Jean-Léon Gérôme was the leading French academic artist during the second half of the 19th century, specializing in scenes depicting present-day Egypt and Turkey. He was extraordinarily influential in his time, training many artists from both Europe and the Middle East. In a new exhibition opening at the Walters in November, Gérôme forms the fascinating focal point of an international network of mid-19th-century painters who were his friends, travel companions, and business associates and who also took the Middle East as their subject matter.
Gérôme and His Circle complements the exhibition Pearls on a String: Artists, Patrons, and Poets at the Great Islamic Courts. Like Pearls on a String, this exhibition examines the creativity resulting from interactions fostered by collaboration and exchange. It also continues the focus on the story of how the Walters’ collection was formed, begun last October in the installation From Rye to Raphael: The Walters Story. Most of French art in Gérôme and His Circle was purchased by William T. Walters.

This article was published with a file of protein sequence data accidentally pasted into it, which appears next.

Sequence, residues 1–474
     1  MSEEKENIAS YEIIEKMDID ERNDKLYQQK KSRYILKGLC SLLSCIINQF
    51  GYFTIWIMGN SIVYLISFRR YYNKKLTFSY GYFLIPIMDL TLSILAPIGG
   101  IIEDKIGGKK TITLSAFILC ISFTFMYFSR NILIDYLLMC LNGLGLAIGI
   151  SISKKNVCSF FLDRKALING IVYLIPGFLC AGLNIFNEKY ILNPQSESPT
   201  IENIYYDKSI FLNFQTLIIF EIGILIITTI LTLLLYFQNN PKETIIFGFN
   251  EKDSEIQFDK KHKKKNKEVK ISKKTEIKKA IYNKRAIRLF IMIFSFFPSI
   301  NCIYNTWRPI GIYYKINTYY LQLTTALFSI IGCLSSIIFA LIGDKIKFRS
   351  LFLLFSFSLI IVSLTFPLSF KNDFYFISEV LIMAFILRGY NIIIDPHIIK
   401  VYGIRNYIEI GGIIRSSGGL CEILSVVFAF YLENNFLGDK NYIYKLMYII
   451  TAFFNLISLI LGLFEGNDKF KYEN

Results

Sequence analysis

Curated by Jo Briggs (18th- and 19th-century art) and Amy Landau (Islamic and South Asian art), Gérôme and His Circle explores the movement of people, art, and ideas between Europe and the Ottoman Empire in the second half of the 19th century. Through 17 works from the collection, this exhibition in the museum’s Level 3 manuscripts gallery presents a new angle on the relationships between French dealers and artists and elite Ottoman patrons, whose taste for art depicting the people and places of the Middle East and North Africa was shared by collectors in Europe and United States, including William T. Walters. The two main themes of this exhibition—personal relationships and travel—are illuminated by drawings from Walters’ albums, an impressive Ottoman Turkish helmet owned by Gérôme, and exquisite 19th-century enameled glass inspired by medieval Egyptian examples.